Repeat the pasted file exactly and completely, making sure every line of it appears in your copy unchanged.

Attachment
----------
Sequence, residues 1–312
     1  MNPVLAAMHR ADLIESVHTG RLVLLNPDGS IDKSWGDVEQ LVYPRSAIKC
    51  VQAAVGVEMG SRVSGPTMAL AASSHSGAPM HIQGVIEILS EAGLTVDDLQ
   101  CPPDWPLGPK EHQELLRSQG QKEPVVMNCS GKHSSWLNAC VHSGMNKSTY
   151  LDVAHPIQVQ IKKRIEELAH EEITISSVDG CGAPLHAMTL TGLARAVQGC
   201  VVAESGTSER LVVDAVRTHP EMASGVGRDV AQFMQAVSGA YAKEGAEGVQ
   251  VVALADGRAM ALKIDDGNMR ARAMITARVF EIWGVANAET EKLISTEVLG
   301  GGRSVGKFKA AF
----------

Sequence, residues 1–312
     1  MNPVLAAMHR ADLIESVHTG RLVLLNPDGS IDKSWGDVEQ LVYPRSAIKC
    51  VQAAVGVEMG SRVSGPTMAL AASSHSGAPM HIQGVIEILS EAGLTVDDLQ
   101  CPPDWPLGPK EHQELLRSQG QKEPVVMNCS GKHSSWLNAC VHSGMNKSTY
   151  LDVAHPIQVQ IKKRIEELAH EEITISSVDG CGAPLHAMTL TGLARAVQGC
   201  VVAESGTSER LVVDAVRTHP EMASGVGRDV AQFMQAVSGA YAKEGAEGVQ
   251  VVALADGRAM ALKIDDGNMR ARAMITARVF EIWGVANAET EKLISTEVLG
   301  GGRSVGKFKA AF